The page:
Effects of breaking sitting by standing and acute exercise on postprandial oxidative stress

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Abstract

Background: Sedentary behavior, which includes sitting and TV viewing, has been identified as an independent risk factor for type 2 diabetes and cardiovascular disease. Breaking sedentary behavior improves metabolic health such as postprandial glycaemia and insulinemia. However, the mechanisms underlying this effect are unclear. Objectives: Here, we examined whether breaking sitting by standing and acute exercise reduces postprandial oxidative stress. Patient and Methods: Fifteen participants performed 3 trials (sitting, standing, and exercise), each lasting 2 days, in a randomised order. On day one of sitting trial, participants sat in a chair. For the standing trial, the participants stood 6 times, for a 45-minute period each time. For the exercise trial, the participants walked or ran at approximately 60% of age-predicted maximum heart rate for 30 minutes. On day two of each trial, participants rested and consumed the standardised breakfast and lunch. Blood samples were collected in the morning and afternoon on day one, and fasting and at 2, 4, and 6 hours postprandially on day two. Results: The concentrations of serum derivatives of reactive oxygen metabolites (d-ROMs) measured at 4 hours (P = 0.064) and 6 hours (P = 0.071) tended to be higher than that in the fasting state in the sitting trial, but not standing and exercise trial (two-factor analysis of variance (ANOVA), trial × time interaction, P = 0.006). Conclusions: Our results indicate the importance of reducing sitting time for improving postprandial oxidative stress status.

Original languageEnglish
Article numbere24902
JournalAsian Journal of Sports Medicine
Volume6
Issue number3
DOIs
Publication statusPublished - 2015 Sep 1

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Oxidative Stress
Exercise
Fasting
Lunch
Breakfast
Type 2 Diabetes Mellitus
Statistical Factor Analysis
Analysis of Variance
Cardiovascular Diseases
Heart Rate
Oxygen
Health
Serum

Keywords

  • Cardiovascular disease
  • Physical activity
  • Postprandial period
  • Redox
  • Sedentary lifestyle

ASJC Scopus subject areas

  • Orthopedics and Sports Medicine

Cite this

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title = "Effects of breaking sitting by standing and acute exercise on postprandial oxidative stress",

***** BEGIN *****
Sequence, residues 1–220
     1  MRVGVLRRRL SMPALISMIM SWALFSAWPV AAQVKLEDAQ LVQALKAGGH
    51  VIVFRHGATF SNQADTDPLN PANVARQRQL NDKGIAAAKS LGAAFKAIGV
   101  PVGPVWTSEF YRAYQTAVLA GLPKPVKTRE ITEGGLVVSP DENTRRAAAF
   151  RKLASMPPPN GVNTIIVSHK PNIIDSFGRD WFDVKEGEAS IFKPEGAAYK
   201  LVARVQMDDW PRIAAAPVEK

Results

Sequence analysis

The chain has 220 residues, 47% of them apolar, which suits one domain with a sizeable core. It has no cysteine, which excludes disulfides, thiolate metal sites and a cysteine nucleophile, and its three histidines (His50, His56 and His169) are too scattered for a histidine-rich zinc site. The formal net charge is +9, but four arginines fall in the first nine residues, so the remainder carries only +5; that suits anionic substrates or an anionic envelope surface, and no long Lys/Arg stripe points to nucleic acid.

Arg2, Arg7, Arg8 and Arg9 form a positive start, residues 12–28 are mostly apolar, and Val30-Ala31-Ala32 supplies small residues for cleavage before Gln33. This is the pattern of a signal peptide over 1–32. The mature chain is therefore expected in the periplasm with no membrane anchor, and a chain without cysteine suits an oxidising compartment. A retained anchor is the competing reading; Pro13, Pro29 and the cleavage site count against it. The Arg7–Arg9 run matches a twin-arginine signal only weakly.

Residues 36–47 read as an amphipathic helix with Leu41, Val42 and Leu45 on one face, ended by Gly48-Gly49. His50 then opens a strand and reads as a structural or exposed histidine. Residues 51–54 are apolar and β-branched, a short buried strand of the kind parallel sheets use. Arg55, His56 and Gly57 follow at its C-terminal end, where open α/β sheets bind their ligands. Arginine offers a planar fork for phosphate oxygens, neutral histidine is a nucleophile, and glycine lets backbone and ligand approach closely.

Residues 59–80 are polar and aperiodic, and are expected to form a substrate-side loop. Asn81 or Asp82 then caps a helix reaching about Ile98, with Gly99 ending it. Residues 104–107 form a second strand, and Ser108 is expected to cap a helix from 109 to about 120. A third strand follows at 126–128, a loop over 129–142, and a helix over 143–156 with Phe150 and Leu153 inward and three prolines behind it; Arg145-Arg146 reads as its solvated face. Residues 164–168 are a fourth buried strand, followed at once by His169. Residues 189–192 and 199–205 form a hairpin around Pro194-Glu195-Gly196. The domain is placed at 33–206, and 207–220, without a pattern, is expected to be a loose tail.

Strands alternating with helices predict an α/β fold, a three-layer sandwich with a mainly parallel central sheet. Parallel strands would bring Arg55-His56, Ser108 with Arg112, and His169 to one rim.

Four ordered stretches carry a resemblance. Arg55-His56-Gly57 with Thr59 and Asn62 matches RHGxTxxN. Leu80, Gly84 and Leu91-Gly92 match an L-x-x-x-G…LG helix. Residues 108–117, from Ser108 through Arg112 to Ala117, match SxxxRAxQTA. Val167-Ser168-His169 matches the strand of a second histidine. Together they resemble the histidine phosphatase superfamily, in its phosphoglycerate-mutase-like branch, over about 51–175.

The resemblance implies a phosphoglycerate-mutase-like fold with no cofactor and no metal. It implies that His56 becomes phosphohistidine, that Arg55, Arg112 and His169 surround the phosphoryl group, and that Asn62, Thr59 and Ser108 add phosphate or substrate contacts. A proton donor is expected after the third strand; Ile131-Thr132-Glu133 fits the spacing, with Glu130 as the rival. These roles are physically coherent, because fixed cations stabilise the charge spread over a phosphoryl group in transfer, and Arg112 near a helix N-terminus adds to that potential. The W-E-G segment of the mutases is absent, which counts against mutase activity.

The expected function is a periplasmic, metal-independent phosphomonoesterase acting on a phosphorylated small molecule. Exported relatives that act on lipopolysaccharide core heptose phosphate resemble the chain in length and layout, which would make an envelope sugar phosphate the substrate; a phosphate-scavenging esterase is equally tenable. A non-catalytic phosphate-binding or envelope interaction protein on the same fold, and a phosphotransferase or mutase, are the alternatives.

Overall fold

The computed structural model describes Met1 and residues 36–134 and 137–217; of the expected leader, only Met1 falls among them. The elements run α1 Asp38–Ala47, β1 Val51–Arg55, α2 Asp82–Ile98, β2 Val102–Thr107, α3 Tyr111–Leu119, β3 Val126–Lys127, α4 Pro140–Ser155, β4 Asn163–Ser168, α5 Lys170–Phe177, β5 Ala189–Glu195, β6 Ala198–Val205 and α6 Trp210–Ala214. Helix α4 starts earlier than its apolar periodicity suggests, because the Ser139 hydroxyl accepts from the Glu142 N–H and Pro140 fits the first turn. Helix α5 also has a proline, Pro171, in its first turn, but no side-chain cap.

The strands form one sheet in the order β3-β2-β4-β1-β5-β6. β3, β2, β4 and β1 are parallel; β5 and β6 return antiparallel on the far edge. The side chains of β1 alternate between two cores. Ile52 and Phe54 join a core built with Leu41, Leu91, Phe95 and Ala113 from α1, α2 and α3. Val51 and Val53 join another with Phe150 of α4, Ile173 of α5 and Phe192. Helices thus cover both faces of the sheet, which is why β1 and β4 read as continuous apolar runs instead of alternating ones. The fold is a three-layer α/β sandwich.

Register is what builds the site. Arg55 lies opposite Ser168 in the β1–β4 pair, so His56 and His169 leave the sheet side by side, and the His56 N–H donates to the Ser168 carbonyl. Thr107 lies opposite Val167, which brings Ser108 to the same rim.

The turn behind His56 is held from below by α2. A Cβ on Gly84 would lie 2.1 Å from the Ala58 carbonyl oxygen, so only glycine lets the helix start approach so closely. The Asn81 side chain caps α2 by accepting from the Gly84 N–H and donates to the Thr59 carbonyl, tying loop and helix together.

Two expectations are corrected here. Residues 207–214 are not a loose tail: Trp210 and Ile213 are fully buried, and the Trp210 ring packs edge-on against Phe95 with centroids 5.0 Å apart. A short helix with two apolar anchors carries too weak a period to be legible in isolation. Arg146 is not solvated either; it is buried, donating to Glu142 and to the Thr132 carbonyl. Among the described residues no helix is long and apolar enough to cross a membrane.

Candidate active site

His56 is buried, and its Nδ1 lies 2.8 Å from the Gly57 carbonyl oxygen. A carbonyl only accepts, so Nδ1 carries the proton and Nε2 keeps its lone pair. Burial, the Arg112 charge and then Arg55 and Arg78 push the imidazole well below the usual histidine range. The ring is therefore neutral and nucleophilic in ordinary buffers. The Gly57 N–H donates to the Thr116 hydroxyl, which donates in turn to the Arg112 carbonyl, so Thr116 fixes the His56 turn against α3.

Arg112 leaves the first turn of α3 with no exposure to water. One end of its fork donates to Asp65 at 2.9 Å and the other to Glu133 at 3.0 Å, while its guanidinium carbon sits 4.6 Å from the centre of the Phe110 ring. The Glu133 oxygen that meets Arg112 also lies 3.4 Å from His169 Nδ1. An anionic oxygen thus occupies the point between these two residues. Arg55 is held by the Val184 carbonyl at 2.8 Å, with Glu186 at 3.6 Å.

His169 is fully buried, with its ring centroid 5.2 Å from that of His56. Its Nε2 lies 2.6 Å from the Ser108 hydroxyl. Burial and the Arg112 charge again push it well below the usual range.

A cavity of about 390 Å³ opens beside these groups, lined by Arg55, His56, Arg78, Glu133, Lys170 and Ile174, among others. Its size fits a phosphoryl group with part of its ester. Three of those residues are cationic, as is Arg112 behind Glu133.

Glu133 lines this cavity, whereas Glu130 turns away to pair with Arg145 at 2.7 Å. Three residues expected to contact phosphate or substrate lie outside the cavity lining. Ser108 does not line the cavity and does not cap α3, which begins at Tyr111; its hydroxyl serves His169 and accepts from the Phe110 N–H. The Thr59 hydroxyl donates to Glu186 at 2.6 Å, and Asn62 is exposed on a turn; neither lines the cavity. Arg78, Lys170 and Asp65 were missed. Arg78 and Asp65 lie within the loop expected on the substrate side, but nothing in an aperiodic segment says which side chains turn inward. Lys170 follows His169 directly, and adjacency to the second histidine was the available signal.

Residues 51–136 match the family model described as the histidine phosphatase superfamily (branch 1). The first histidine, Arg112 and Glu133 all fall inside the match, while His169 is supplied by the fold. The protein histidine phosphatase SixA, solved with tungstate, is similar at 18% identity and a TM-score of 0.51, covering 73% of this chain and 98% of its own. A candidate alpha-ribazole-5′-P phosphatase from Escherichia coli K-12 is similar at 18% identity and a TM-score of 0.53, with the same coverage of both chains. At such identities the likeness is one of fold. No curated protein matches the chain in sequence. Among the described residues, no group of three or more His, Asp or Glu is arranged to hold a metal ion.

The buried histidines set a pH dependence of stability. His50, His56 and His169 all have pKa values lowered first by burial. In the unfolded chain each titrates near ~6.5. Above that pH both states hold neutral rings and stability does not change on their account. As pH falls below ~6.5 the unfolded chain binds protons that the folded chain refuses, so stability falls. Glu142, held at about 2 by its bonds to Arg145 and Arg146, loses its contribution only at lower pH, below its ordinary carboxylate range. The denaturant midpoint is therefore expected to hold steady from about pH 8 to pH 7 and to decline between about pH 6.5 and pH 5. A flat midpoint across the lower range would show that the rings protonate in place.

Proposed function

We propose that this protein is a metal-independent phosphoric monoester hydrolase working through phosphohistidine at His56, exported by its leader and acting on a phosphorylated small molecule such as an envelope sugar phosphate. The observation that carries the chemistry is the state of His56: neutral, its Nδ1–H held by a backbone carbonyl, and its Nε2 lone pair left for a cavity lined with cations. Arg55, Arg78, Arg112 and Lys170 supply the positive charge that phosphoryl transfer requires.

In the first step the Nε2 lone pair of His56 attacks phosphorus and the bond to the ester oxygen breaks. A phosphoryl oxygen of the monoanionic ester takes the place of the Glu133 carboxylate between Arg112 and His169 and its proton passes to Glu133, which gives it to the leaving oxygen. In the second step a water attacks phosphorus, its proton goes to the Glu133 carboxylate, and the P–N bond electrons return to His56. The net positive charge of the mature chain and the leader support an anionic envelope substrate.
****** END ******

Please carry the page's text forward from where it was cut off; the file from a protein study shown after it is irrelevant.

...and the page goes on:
abstract = "Background: Sedentary behavior, which includes sitting and TV viewing, has been identified as an independent risk factor for type 2 diabetes and cardiovascular disease. Breaking sedentary behavior improves metabolic health such as postprandial glycaemia and insulinemia. However, the mechanisms underlying this effect are unclear. Objectives: Here, we examined whether breaking sitting by standing and acute exercise reduces postprandial oxidative stress. Patient and Methods: Fifteen participants performed 3 trials (sitting, standing, and exercise), each lasting 2 days, in a randomised order. On day one of sitting trial, participants sat in a chair. For the standing trial, the participants stood 6 times, for a 45-minute period each time. For the exercise trial, the participants walked or ran at approximately 60{\%} of age-predicted maximum heart rate for 30 minutes. On day two of each trial, participants rested and consumed the standardised breakfast and lunch. Blood samples were collected in the morning and afternoon on day one, and fasting and at 2, 4, and 6 hours postprandially on day two. Results: The concentrations of serum derivatives of reactive oxygen metabolites (d-ROMs) measured at 4 hours (P = 0.064) and 6 hours (P = 0.071) tended to be higher than that in the fasting state in the sitting trial, but not standing and exercise trial (two-factor analysis of variance (ANOVA), trial × time interaction, P = 0.006). Conclusions: Our results indicate the importance of reducing sitting time for improving postprandial oxidative stress status.",